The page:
Daily Reflection – Jan 13, 2018
Saturday 13 January 2018
First Reading: 1 SM 9:1-4, 17-19; 10:1
Lord, in your strength the king is glad.
PS 21:2-3, 4-5, 6-7
Gospel Reading: MK 2:13-17
Today’s Note: Saturday of the First Week in Ordinary Time
Jesus went out along the sea.
All the crowd came to him and he taught them.
As he passed by, he saw Levi, son of Alphaeus,
sitting at the customs post.
Jesus said to him, “Follow me.”
And he got up and followed Jesus.
While he was at table in his house,
many tax collectors and sinners sat with Jesus and his disciples;
for there were many who followed him.
Some scribes who were Pharisees saw that Jesus was eating with sinners
and tax collectors and said to his disciples,
“Why does he eat with tax collectors and sinners?”
Jesus heard this and said to them,
“Those who are well do not need a physician, but the sick do.
I did not come to call the righteous but sinners.”
What draws us to the throne of God’s mercy and grace? Mark tells us that many people were drawn to Jesus, including the unwanted and the unlovable, such as the lame, the blind, and the lepers, as well as the homeless such as widows and orphans. But public sinners, like the town prostitutes and corrupt tax collectors, were also drawn to Jesus. In calling Levi, who was also named Matthew (see Matthew 9:9) to be one of his disciples, Jesus picked one of the unlikeliest of men – a tax collector who by profession was despised by the people.
Why did the religious leaders find fault with Jesus for making friends with sinners and tax collectors like Levi? The orthodox Jews had a habit of dividing everyone into two groups – those who rigidly kept the law of Moses and its minute regulations and those who did not. They latter were treated like second class citizens. The orthodox scrupulously avoided their company, refused to do business with them, refused to give or receive anything from them, refused to intermarry, and avoided any form of entertainment with them, including table fellowship. Jesus’ association with sinners shocked the sensibilities of these orthodox Jews.
When the Pharisees challenged his unorthodox behavior in eating with public sinners, Jesus’ defense was quite simple. A doctor doesn’t need to visit healthy people; instead he goes to those who are sick. Jesus likewise sought out those in the greatest need. A true physician seeks healing of the whole person – body, mind, and spirit. Jesus came as the divine physician and good shepherd to care for his people and to restore them to wholeness of life.The orthodox Jews were so preoccupied with their own practice of religion that they neglected to help the very people who needed care. Their religion was selfish because they didn’t want to have anything to do with people not like themselves.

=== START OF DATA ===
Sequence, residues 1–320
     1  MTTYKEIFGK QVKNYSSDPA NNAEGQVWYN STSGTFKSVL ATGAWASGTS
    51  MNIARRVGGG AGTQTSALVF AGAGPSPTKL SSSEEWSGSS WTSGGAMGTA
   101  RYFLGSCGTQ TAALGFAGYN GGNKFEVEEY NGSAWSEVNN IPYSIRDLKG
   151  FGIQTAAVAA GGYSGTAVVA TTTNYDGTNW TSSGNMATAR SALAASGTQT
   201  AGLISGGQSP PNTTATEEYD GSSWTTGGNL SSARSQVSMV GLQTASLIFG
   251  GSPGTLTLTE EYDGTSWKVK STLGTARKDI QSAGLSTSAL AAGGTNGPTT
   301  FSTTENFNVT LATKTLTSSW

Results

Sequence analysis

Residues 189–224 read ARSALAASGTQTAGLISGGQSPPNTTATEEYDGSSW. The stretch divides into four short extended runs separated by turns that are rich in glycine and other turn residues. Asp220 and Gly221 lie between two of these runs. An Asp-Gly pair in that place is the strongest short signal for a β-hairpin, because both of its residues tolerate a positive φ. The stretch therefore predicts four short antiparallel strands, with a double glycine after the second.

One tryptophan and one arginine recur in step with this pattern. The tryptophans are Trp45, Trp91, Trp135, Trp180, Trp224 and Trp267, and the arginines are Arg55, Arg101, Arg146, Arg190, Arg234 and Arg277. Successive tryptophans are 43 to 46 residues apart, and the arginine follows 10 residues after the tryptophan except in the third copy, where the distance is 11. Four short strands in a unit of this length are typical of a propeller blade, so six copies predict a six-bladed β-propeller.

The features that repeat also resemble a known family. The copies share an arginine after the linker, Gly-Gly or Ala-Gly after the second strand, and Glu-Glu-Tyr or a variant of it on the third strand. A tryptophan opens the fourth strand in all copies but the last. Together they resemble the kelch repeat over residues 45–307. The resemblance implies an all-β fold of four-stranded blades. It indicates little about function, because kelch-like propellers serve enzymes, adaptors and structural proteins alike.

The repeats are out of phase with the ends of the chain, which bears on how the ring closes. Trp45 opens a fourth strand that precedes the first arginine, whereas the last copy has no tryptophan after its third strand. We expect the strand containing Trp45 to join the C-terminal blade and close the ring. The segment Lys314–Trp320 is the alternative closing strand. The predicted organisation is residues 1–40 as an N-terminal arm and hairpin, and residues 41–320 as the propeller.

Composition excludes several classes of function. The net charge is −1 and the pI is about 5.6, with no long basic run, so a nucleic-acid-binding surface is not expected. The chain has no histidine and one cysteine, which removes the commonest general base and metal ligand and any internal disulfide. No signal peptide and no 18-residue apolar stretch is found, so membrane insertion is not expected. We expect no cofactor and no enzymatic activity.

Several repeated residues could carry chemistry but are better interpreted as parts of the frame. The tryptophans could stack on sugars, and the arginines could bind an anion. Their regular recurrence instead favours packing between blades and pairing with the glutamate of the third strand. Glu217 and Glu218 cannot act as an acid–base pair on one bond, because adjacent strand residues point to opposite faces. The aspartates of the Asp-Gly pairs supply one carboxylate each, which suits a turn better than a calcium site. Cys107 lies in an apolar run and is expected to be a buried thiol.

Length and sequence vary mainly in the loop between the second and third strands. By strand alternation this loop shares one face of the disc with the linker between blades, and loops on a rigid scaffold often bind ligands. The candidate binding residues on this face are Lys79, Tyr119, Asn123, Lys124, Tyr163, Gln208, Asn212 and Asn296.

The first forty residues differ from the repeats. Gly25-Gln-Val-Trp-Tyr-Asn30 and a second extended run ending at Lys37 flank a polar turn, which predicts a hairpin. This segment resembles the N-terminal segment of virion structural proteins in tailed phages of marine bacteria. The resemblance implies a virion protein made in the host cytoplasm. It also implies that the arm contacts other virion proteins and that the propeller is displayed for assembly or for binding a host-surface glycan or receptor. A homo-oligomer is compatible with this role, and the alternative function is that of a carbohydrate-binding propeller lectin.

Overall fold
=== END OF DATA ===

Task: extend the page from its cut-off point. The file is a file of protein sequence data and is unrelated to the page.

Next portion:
Jesus stated his mission in unequivocal terms: I came not to call the righteous, but to call sinners. Ironically the orthodox were as needy as those they despised. All have sinned and fall short of the glory of God (Romans 3:23). The Lord fills us with his grace and mercy. And he wants us, in turn, to seek the good of our neighbors, including the unlikeable and the trouble-maker by showing them the same kindness and mercy which we have received. Do you thank the Lord for the great kindness and mercy he has shown to you?
“Lord Jesus, our Savior, let us now come to you: Our hearts are cold; Lord, warm them with your selfless love. Our hearts are sinful; cleanse them with your precious blood. Our hearts are weak; strengthen them with your joyous Spirit. Our hearts are empty; fill them with your divine presence. Lord Jesus, our hearts are yours; possess them always and only for yourself.” (Prayer of Augustine, 4th century)